Remember that time you forgot your cell phone at home? You felt...different, didn't you? I've felt that same feeling. We all have. "What if someone calls"? "I'm waiting for an important email!" "What if something happens and I need to make a call or text?"

    And, what happens if we escape the familiar boundaries of cell coverage by, for example, driving into the fresh and crisp air of the mountains? Sure, we escape city life for a while, but then nobody can text us. We can't talk on the phone. Our connection with the "real world" has been severed!

    How did business EVER get done before cell phones? The devices that keep us connected are also ruining what could be a relaxing, stress-free existence.

    How cell phones ruin lives

    Cell phones provide much too easy of a distraction for far too many of us. When an inanimate object becomes our lives, we've quickly ruined something that should be our very top priority!

    They are a popularity contest

    Technology never stays the same. Year after year, there's always an upgrade available. New phones. New plans. Unlimited data. 4G speeds. We will never be happy with the one that we have. Ka-ching!

    They completely distract us, and we don't care

    When we prioritize our cell phone over our driving privileges, we not only endanger our own lives, but also the lives of those around us. We're bad enough drivers when we ARE paying attention.

    Text and Drive

    The statistics on distracted driving are startling. At this very second, 660,000 drivers are using their phones while driving. Yearly, these devices cause 1.6 million crashes. Nearly 25% of crashes in the U.S. are caused by drivers on phones.

    In the United States, ad campaigns encourage us to put our phones down while driving. Websites provide the gruesome details of distracted driving. Safety videos are all over the place. Billboards remind us not to text and drive. Sometimes, they even try to be humorous (see above!).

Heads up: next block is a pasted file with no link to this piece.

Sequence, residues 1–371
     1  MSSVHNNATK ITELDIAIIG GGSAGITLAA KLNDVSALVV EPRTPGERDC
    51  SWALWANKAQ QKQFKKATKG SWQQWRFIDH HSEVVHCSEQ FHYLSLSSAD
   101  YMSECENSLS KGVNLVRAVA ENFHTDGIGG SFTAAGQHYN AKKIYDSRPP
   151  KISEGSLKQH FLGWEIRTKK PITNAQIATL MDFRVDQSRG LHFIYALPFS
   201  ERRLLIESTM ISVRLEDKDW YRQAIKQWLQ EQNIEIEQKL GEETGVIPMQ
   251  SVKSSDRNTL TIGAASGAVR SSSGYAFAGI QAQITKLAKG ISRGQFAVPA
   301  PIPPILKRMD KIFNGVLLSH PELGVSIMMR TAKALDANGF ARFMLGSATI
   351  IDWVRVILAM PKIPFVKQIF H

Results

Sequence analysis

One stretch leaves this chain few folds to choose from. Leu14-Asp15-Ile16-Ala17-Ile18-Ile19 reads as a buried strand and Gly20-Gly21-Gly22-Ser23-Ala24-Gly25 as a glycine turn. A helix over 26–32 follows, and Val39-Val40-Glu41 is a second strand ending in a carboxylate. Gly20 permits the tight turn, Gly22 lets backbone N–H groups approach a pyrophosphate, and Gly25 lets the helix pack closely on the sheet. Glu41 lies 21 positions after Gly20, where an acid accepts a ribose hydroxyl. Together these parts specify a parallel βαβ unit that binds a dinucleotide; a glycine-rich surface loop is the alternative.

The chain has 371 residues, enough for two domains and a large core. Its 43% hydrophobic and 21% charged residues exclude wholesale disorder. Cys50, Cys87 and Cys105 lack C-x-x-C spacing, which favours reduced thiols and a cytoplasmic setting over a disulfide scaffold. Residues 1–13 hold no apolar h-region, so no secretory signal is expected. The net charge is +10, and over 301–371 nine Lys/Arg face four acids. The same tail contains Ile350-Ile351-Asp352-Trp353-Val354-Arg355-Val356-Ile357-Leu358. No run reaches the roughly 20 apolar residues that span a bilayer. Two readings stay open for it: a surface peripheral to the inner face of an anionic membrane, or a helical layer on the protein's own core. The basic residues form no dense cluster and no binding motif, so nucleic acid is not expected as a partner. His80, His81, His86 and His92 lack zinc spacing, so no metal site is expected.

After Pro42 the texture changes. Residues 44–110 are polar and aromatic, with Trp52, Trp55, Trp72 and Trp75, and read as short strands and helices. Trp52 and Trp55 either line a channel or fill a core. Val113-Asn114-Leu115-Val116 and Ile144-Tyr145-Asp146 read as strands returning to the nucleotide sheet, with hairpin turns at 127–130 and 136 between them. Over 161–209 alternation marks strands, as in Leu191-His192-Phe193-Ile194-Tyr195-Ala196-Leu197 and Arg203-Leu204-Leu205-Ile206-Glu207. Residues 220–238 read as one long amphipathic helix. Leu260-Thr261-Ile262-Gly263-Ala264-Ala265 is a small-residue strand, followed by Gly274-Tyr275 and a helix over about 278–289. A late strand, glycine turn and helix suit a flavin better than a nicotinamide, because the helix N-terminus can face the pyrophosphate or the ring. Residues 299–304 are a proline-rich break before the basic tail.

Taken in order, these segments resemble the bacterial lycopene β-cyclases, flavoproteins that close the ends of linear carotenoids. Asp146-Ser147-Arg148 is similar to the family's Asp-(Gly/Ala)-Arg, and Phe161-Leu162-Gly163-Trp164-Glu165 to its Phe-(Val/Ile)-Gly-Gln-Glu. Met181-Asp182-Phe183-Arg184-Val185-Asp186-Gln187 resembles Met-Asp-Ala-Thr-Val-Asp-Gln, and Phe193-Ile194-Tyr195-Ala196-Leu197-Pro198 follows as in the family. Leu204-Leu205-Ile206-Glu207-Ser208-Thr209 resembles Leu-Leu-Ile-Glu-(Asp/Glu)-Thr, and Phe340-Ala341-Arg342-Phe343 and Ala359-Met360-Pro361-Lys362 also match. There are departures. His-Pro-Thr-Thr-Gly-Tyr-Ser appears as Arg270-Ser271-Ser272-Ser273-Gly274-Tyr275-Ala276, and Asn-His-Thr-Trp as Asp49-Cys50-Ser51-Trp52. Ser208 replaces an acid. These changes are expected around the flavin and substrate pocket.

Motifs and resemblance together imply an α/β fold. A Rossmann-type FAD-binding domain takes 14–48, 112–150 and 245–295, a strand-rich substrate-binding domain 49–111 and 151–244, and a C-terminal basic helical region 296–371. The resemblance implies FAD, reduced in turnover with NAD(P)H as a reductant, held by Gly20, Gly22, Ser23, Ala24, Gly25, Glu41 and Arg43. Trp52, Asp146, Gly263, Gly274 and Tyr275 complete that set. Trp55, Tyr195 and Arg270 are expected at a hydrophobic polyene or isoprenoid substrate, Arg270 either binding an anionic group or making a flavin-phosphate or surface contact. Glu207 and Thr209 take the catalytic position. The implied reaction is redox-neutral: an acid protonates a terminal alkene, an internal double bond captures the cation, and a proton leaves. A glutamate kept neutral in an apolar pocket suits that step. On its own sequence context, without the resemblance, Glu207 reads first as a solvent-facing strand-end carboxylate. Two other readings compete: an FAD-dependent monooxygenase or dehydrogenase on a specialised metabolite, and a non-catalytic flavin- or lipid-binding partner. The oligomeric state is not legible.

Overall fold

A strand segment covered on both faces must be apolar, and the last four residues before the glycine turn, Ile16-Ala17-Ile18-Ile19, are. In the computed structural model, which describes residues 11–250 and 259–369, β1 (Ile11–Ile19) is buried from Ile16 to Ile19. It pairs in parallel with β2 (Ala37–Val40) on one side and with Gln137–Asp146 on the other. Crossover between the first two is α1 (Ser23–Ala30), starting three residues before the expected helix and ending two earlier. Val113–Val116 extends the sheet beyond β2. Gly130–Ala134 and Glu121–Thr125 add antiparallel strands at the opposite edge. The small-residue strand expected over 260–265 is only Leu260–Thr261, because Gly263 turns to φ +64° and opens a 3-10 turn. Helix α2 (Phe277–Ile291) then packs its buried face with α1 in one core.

But yet, most of us don't care. We feel like we can handle it, so we do it anyway. After all, "It's an important email".

    Our companies expect us to be available

    Businesses know that we are all connected at the hip. From top-level executives to grocery store baggers, the large majority of us have cell phones. The more senior you become, the greater the expectation that you'll see and respond to email - at any time of day.

    My company, for instance, "encourages" people to check their email while on vacation...you know, just in case. Taking phone calls are no big deal, they argue. We're glued to our phones and the businesses we work for exploit that fact. If you don't respond to an important email over the weekend, are you "uncommitted" to your company?

    Unless you don't have signal, you're getting email. If you don't respond, you choose not to respond. How dare you!

    What say you? What role does your cell phone - if you have one - play in your life? If you forget your phone, do you feel like a part of you is missing?

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    Steve Adcock

    774 posts

    Steves a 38-year-old early retiree who writes about the intersection of happiness and financial independence.